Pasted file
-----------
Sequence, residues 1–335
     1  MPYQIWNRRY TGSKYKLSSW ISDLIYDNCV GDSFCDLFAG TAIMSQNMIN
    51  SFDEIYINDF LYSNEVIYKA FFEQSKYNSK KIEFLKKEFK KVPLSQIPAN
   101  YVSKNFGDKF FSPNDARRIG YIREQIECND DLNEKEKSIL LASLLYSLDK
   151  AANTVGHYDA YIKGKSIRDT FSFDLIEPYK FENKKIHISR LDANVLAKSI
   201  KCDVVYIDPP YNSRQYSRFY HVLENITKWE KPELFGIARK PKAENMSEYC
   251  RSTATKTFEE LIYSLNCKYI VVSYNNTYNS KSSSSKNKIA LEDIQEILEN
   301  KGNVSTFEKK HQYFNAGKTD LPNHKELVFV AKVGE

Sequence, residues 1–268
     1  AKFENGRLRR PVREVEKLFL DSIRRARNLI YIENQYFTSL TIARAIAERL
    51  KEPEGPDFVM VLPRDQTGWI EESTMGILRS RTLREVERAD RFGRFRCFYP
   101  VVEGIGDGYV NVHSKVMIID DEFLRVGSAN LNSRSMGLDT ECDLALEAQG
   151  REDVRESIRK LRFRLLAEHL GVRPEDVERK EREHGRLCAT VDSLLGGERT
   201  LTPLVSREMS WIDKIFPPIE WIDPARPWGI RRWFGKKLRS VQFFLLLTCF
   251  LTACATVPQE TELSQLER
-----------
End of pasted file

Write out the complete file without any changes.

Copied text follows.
Sequence, residues 1–335
     1  MPYQIWNRRY TGSKYKLSSW ISDLIYDNCV GDSFCDLFAG TAIMSQNMIN
    51  SFDEIYINDF LYSNEVIYKA FFEQSKYNSK KIEFLKKEFK KVPLSQIPAN
   101  YVSKNFGDKF FSPNDARRIG YIREQIECND DLNEKEKSIL LASLLYSLDK
   151  AANTVGHYDA YIKGKSIRDT FSFDLIEPYK FENKKIHISR LDANVLAKSI
   201  KCDVVYIDPP YNSRQYSRFY HVLENITKWE KPELFGIARK PKAENMSEYC
   251  RSTATKTFEE LIYSLNCKYI VVSYNNTYNS KSSSSKNKIA LEDIQEILEN
   301  KGNVSTFEKK HQYFNAGKTD LPNHKELVFV AKVGE

Sequence, residues 1–268
     1  AKFENGRLRR PVREVEKLFL DSIRRARNLI YIENQYFTSL TIARAIAERL
    51  KEPEGPDFVM VLPRDQTGWI EESTMGILRS RTLREVERAD RFGRFRCFYP
   101  VVEGIGDGYV NVHSKVMIID DEFLRVGSAN LNSRSMGLDT ECDLALEAQG
   151  REDVRESIRK LRFRLLAEHL GVRPEDVERK EREHGRLCAT VDSLLGGERT
   201  LTPLVSREMS WIDKIFPPIE WIDPARPWGI RRWFGKKLRS VQFFLLLTCF
   251  LTACATVPQE TELSQLER